1. The effects of short-cycle sprints on power, strength, and salivary hormones in elite rugby players.

    Science.gov (United States)

    Crewther, Blair T; Cook, Christian J; Lowe, Tim E; Weatherby, Robert P; Gill, Nicholas

    2011-01-01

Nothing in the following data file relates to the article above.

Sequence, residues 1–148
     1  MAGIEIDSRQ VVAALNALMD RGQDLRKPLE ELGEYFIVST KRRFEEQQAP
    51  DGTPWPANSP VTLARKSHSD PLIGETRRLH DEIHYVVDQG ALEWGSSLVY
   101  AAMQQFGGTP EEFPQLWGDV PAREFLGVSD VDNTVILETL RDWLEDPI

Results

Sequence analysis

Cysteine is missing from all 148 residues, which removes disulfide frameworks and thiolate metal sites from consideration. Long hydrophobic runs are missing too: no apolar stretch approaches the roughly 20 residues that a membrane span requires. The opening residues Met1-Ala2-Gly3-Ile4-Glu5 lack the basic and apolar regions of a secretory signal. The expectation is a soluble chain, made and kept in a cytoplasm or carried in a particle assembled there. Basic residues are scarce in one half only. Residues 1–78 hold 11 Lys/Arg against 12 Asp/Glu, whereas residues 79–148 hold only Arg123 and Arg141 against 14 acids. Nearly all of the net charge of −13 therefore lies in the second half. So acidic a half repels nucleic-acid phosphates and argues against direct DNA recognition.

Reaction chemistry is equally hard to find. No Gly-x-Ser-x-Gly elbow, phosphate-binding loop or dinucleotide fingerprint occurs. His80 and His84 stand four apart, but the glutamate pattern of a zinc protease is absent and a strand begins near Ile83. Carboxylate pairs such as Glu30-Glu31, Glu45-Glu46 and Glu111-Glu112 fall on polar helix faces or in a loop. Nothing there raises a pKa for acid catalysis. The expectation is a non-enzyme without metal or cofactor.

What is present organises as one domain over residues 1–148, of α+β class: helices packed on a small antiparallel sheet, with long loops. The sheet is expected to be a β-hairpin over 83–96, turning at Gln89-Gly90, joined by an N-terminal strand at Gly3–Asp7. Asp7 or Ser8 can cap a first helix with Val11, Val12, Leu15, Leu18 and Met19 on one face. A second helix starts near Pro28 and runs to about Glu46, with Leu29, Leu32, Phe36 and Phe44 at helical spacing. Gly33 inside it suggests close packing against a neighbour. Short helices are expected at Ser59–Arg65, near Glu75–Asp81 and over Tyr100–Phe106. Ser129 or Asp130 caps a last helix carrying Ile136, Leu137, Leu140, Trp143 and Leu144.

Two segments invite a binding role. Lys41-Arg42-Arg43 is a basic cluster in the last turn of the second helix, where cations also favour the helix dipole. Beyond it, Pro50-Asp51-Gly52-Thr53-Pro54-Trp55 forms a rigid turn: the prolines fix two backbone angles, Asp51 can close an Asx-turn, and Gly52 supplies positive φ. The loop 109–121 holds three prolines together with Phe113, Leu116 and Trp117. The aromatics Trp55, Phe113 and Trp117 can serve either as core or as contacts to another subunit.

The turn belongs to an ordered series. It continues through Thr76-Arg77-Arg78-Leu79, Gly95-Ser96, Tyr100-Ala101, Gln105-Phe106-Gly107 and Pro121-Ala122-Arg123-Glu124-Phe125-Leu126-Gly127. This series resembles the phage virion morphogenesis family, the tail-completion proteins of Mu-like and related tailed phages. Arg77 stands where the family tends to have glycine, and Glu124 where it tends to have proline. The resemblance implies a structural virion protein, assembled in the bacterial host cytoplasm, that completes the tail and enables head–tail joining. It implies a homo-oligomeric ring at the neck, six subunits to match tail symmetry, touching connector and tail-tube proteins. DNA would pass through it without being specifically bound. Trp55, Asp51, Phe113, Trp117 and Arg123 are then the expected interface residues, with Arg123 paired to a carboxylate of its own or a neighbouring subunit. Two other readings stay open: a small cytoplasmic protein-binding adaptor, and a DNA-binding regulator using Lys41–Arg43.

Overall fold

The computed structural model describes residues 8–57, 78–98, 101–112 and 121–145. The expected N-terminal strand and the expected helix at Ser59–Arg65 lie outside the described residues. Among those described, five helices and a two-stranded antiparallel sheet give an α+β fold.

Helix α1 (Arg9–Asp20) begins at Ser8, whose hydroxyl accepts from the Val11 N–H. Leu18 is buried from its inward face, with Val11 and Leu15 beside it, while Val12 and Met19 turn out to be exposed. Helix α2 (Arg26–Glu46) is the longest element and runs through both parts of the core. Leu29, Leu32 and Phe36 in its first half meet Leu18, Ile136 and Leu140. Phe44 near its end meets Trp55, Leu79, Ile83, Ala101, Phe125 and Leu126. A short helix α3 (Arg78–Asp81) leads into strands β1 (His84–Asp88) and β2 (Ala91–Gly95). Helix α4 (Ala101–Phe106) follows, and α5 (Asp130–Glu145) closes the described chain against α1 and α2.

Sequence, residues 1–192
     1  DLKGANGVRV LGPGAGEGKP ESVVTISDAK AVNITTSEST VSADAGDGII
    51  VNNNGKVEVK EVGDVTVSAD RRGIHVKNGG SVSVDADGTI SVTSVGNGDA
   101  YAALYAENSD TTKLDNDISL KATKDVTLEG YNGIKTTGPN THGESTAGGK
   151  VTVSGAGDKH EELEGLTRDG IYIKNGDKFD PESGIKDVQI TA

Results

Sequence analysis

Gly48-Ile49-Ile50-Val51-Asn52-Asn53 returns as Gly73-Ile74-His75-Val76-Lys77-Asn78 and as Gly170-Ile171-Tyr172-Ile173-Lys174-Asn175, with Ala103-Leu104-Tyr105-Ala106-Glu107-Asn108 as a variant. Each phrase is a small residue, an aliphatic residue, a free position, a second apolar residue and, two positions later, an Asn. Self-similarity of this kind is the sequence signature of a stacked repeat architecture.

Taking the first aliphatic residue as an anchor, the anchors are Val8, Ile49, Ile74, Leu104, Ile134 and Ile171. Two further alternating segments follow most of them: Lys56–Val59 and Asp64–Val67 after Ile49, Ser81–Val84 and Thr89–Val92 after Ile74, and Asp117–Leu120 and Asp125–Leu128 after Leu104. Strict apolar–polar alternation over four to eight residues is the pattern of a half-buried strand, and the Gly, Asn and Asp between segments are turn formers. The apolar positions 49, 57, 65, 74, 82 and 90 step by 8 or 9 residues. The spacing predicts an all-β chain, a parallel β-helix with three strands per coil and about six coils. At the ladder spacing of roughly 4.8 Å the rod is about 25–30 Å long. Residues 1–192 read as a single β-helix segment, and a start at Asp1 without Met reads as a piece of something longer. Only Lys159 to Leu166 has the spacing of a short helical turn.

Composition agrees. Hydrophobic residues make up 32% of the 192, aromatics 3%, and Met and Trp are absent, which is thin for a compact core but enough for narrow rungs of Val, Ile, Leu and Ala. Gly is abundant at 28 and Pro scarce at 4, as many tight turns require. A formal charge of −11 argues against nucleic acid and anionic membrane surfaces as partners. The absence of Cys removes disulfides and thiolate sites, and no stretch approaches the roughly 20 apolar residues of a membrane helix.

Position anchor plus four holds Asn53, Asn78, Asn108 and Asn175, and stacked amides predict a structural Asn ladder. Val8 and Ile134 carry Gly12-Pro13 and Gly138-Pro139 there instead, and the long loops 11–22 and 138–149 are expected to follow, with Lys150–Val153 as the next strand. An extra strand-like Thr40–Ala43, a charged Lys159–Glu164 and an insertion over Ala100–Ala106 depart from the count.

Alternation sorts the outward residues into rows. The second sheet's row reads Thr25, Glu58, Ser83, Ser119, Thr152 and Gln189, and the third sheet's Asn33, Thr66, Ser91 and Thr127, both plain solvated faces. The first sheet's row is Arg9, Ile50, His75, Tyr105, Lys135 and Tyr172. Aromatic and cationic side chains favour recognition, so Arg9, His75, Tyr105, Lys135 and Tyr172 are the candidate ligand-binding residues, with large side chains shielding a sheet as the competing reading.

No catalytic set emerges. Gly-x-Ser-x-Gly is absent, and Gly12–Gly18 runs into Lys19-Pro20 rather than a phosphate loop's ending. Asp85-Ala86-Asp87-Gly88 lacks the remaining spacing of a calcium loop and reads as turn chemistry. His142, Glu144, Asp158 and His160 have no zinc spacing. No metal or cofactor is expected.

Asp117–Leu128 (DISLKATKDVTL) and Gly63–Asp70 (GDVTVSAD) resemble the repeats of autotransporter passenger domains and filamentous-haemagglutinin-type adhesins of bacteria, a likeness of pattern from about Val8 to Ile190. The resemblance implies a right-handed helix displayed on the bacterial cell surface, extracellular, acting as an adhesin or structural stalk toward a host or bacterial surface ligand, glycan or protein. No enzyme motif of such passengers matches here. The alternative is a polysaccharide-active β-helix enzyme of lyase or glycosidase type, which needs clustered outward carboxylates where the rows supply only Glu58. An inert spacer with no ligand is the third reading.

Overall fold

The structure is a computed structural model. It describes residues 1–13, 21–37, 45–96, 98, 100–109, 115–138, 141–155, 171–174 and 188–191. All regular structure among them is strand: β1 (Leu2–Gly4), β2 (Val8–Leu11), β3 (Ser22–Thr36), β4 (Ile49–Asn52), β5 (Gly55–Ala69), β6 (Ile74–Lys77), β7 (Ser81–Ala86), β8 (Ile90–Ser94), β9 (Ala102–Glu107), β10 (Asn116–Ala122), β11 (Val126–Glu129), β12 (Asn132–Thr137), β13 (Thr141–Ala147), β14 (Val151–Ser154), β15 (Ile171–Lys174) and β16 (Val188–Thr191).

This study examined the effects of short-cycle sprints on power, strength, and salivary hormones in elite rugby players. Thirty male rugby players performed an upper-body power and lower-body strength (UPLS) and/or a lower-body power and upper-body strength (LPUS) workout using a crossover design (sprint vs. control). A 40-second upper-body or lower-body cycle sprint was performed before the UPLS and LPUS workouts, respectively, with the control sessions performed without the sprints. Bench throw (BT) power and box squat (BS) 1 repetition maximum (1RM) strength were assessed in the UPLS workout, and squat jump (SJ) power and bench press (BP) 1RM strength were assessed in the LPUS workout. Saliva was collected across each workout and assayed for testosterone (Sal-T) and cortisol (Sal-C). The cycle sprints improved BS (2.6 ± 1.2%) and BP (2.8 ± 1.0%) 1RM but did not affect BT and SJ power. The lower-body cycle sprint produced a favorable environment for the BS by elevating Sal-T concentrations. The upper-body cycle sprint had no hormonal effect, but the workout differences (%) in Sal-T (r = -0.59) and Sal-C (r = 0.42) concentrations correlated to the BP, along with the Sal-T/C ratio (r = -0.49 to -0.66). In conclusion, the cycle sprints improved the BP and BS 1RM strength of elite rugby players but not power output in the current format. The improvements noted may be explained, in part, by the changes in absolute or relative hormone concentrations. These findings have practical implications for prescribing warm-up and training exercises.